“You wanna fly, you’ve got to give up the shit that weighs you down” Toni Morrison, Song of Solomon
ME: Umm….I am putting in my two weeks notice (swallows hard in disbelief at what I just said)
My Manager: Oh (with a surprised look) Did you find something else?
ME: No. (staring at her blankly)
My Manager: Oh, OK. Well, what are you going to do?
ME: I am not happy here, so I am moving to NC to be closer to my family. (I breathe a sigh of relief. It’s done.)
This conversation is one I’d never thought I’d have-EVER! I just gave my two-weeks notice to my current employer, and I did not have another job lined up, not even an interview. I went against the one piece of career advice I had always been given, and it something I vowed I’d never do. However it had to be done, and I was at peace with my decision. How was I able to take this leap of faith and walk away from security and stability?
My present couldn’t be my future
I wasn’t happy plain and simple. I was over-worked, underpaid, and stressed out more than I had ever been before. The longer I stayed, the more I adjusted to “this life”. I always justified it with “I have a steady income, benefits, and weekends off!” However, I woke up dreading going to work, spent the day trying to balance an impossible workload and discussing with co-workers both of the aforementioned topics. I left work mentally drained, and still logged on most nights to work another 2-3 hours. I had been pushed to the edge and knew I couldn’t continue to live “this life”. I wanted to spend more time with my family. I wanted to make Speak Away the Stigma a Non-Profit and increase Mental Health and Mental Illness Awareness. This job allowed me to do neither. I felt if I didn’t make some changes, my present would be future.
My Only Obligation: ME
Being single, childless and 35 years old has its perks, despite what society has you to believe. I had mixed feelings about making this move, but a co-worker said to me “You are doing what the rest of us can’t. Most of us have mortgages and children-major obligations. You don’t have that! Go do what is best for you! You have a solid work history, you are leaving on your terms I have no doubt you will find a good job in Carolina.” I was grateful for this reminder. I needed this reminder. While I do have a car note and I’m not completely debt free, I knew that if I didn’t follow through with my decision NOW, I never would.
I Prepared Financially & Mentally
I made a list on the notepad app in my phone of reasons why I was quitting and making this move. I knew I needed this list easily accessible during my moments of uncertainty. I prepared myself to be unemployed for 2-3 weeks and 4-6 weeks without a paycheck. I saved my money, increased my overtime, limited my days off so I could be paid out for unused vacation days, and put myself on a strict budget. Preparing myself mentally was a bit more difficult, especially as I explored the job market in my hometown. My sister was OK with me taking over her couch, and I was OK with not having my own space. I saw this as a necessary sacrifice because my rent was my largest bill. Whenever I thought about ditching the idea, staying put and finding another job that had a comparable salary I looked back at the list I made of the reasons why I needed to quit. At the top of the list: I am not happy and I deserve to be; Second on my list: Your family needs you and you need them.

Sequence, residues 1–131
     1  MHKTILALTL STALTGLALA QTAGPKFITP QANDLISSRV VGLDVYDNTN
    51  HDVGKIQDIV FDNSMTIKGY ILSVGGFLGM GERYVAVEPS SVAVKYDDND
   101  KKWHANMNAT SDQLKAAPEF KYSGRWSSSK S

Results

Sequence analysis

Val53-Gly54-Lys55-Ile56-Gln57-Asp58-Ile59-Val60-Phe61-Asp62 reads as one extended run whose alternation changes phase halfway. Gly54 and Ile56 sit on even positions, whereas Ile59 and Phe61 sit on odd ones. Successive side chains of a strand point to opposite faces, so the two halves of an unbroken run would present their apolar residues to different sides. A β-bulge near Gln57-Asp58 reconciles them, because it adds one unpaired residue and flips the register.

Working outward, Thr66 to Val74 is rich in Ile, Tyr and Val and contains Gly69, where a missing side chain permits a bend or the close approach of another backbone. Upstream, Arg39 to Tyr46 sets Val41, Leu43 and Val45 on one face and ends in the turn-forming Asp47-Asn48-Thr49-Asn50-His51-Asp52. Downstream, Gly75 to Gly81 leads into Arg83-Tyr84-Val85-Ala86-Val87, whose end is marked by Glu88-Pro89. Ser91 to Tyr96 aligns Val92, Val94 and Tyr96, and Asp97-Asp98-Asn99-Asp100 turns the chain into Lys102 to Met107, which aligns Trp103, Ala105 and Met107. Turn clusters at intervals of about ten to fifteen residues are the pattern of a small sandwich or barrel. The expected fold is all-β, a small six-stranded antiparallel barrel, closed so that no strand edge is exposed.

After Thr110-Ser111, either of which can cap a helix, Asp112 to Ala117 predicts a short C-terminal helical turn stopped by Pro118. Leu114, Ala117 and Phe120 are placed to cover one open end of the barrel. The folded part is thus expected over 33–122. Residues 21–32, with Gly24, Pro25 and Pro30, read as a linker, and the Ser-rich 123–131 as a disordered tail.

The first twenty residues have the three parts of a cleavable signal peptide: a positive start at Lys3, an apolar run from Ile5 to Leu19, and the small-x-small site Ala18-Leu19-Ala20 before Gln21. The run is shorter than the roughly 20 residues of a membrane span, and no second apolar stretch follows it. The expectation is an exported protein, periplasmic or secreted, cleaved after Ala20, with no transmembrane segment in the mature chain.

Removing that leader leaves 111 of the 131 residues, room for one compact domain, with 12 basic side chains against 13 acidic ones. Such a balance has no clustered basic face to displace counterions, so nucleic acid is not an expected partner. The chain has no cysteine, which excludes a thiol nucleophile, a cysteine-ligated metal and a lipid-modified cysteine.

While I know everyone isn’t capable of such a drastic move, baby steps are possible. Think about where you would like to be in 5 or 10 years. Be honest about the changes that need to take place with yourself and your lifestyle and the changes you are able to make. I found it helpful to set a date and enlist the support of someone I trusted. Be prepared for not everyone to support your changes, and some may even criticize you, but that is when you look back at the list of reasons you are making the change. Hopefully, your own happiness and peace of mind will be number one as well.
Chrissie K has learned that mental illness is nothing to be ashamed of and mental health is just as important as physical health. She hopes to increase awareness and erase the stigma, especially in the Black community, by sharing her own story and encouraging others to share theirs. Chrissie K started Speak Away the Stigma last year, to promote mental illness awareness.
Twitter: @SPEAKawaySTIGMA @iamChrissie_k
FB: Speak Away the Stigma
[info_box type=”alert_box”]If you want to practice self-care, you have to care for your finances. My book, The Happy Finances Challenge, is designed to help you learn to make money decisions that will lead to long-term financial happiness in just 42 days. [/info_box]